The Bad and the Ugly
Now back to the studies in question, specifically, the RESTORE trial that evaluated PRP for knee osteoarthritis (OA) and another RCT that looked at PRP for ankle OA (5,6). In both cases, authors concluded that PRP had no therapeutic effect over the control - a significant divergence from established evidence.
When you dig into these trials and their method of PRP preparation, we find that the RESTORE trial used a PRP system from Arthex (Arthrex ACP) that independent studies have verified to routinely concentrate the product to a whole 1.3x above baseline (7). In the ankle trial, authors used an even more ineffective product in RegenLab PRP, which concentrates product to only 1.2x above baseline (7). Suffice to say, neither of these products are even PRP so it's no surprise they did not find any improvement.
This is not the first time we've seen studies such as these make the rounds on social media by the "told you so" community of PRP skeptics. In 2017, Brian Cole et al. found no improvement over control with the use of PRP for knee OA (5). His PRP of choice? You guessed it, Arthrex ACP that was measured at ~1.7x above baseline!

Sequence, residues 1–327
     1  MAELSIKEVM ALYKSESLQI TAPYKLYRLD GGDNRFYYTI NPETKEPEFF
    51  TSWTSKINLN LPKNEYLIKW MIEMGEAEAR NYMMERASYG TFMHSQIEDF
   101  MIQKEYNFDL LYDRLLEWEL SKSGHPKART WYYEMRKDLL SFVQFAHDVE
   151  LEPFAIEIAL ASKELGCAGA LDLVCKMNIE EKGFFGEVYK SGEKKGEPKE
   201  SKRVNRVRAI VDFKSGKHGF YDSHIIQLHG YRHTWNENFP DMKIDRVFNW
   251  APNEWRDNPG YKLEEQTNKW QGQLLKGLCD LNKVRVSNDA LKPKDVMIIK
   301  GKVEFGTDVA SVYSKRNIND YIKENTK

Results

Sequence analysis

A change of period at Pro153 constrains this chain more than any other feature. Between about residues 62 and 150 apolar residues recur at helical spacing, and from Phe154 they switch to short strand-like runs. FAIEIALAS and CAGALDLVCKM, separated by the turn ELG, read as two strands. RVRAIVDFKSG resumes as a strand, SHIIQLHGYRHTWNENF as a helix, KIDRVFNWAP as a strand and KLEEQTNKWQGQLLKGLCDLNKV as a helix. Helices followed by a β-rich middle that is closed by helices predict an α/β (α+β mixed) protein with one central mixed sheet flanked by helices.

So why do authors publish these papers and clinicians buy these products? Well, because the products are cheap and the users may not be properly informed of the impact these products can have on their patient outcomes. Or, perhaps there are other stakeholders involved that stand to benefit from slowing the rapid adoption of PRP.
What's the Bottom Line?
If you are a stakeholder in regenerative medicine (patient, practitioner, researcher), you need to understand industry best practices. At the very least, you should be asking about platelet dose (or concentration above baseline) and the method of PRP preparation. You would be surprised to find that in many cases, clinicians are not even using PRP and therefore doing harm to patients and the industry as a whole.
What did we really learn from these studies? That ineffective PRP systems are still prevalent and present a risk to your patients treatment success - they just don't work. If you want to stack the deck in your favour, MDBiologix and our 20 years of experience in regenerative medicine can help you make the best decision for your practice and patients.